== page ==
Canada shares the North American continent with the United States, so the climate and ecological effects there have the potential to be felt here at home. It's with this in mind that a new government forecast from the U.S. may be concerning for Canada's farmers.
According to the U.S. Government Accountability Office (GAO), the long-term effects of climate change have the potential to substantially increase losses to crop insurance programs over the next several decades.
GAO revealed that losses for the programs tracing back to 2008 increased by 8% due in part to population growth and appreciation in property prices for regions at risk of flooding. Furthermore, come 2040, climate change has the potential to increases losses even more, perhaps over 100% by 2100.
Colorado Sen. Michael Bennet, chairman of the U.S. Agriculture Subcommittee on Conservation, Forestry and Natural Resources, requested the analysis to be done and remarked how the world can no longer tolerate dithering on climate change's devastating effects.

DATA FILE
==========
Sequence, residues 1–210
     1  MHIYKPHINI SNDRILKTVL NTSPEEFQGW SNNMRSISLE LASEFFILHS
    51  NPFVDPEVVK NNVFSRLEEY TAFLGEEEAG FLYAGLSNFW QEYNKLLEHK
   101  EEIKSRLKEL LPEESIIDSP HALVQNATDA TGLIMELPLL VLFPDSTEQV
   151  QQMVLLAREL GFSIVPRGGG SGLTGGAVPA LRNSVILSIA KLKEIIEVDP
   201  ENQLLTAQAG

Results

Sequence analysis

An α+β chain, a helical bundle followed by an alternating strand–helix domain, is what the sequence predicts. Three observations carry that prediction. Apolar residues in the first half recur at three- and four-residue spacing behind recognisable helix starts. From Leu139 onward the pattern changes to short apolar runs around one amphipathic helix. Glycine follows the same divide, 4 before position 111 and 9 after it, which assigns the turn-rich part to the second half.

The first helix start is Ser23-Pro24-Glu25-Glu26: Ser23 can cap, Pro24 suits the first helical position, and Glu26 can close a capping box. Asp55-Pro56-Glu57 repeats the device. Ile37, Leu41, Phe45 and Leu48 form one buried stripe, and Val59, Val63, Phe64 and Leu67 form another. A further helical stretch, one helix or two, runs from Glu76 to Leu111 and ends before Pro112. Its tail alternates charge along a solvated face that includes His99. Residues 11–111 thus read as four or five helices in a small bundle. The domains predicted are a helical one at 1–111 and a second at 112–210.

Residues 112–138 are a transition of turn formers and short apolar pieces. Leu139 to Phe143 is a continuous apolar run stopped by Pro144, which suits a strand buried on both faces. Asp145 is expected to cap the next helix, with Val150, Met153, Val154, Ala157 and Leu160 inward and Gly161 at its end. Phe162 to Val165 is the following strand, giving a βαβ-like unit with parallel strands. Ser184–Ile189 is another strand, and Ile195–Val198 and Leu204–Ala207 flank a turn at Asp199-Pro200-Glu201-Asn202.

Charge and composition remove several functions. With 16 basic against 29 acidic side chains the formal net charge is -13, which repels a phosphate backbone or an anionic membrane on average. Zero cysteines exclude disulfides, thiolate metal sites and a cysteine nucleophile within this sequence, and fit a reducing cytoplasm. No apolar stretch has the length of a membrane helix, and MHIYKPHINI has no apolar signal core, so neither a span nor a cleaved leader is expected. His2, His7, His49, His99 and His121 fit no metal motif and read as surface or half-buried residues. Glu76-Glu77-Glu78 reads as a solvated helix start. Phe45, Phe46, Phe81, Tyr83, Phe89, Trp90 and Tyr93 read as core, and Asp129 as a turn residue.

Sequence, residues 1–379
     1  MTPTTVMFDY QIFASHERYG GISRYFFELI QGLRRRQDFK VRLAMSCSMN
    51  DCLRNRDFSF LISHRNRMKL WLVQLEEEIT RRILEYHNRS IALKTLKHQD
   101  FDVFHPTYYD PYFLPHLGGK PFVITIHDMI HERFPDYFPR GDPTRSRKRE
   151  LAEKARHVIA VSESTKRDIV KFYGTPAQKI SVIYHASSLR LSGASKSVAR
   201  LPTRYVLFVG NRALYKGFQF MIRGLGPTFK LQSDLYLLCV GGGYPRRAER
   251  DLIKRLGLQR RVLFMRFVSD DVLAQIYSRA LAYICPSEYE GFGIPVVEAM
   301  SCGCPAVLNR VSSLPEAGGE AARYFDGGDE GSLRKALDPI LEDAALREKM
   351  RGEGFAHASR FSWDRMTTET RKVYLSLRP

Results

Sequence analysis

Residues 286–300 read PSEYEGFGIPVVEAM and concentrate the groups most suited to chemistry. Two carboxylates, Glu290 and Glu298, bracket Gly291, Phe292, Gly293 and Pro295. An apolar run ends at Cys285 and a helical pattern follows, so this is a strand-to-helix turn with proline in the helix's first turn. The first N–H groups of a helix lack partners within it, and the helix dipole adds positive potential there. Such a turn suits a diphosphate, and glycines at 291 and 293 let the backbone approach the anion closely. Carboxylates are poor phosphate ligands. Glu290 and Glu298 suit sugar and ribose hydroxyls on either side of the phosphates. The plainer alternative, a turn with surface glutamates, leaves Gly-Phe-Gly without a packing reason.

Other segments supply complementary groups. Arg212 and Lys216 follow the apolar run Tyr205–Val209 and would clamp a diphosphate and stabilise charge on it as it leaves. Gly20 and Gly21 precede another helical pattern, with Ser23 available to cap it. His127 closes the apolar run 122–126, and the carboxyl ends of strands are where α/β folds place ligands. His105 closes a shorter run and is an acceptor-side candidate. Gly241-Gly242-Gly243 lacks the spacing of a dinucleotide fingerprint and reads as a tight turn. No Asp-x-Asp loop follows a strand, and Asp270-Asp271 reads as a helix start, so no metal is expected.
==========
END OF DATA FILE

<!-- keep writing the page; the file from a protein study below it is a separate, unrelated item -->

"It is yet another example of the expense that's caused by our failing to deal with climate change," said Bennett, according to USA Today.
Additionally, after analyzing 20 scientific studies on climate change, the report revealed there could be an uptick in hurricane losses of between 14% and 47% from 2000 to 2040. Losses could be even more significant further out, rising to as much as between 54% and 110% between 2040 and 2100.
Odds of Flooding May Rise
The GAO study also referenced how climate change could lead to an increased prevalence of flooding, which is the No. 1 natural disaster in the U.S.
Flooding has proven to be problematic over the last couple of years in Canada. Manitoba and Saskatchewan both saw severe flood damage this year. Many farmlands were destroyed and an estimated 100,000 people were displaced, according to provincial data records.
Crop insurance is an important protection farmers should have to provide financial cover for themselves when weather doesn't cooperate. With the appropriate documentation, farmers can make a claim if sales numbers are adversely affected by crop damage. Growers who receive insurance proceeds need to remember that this is considered earnings, so during tax season, it should be reported as farm income.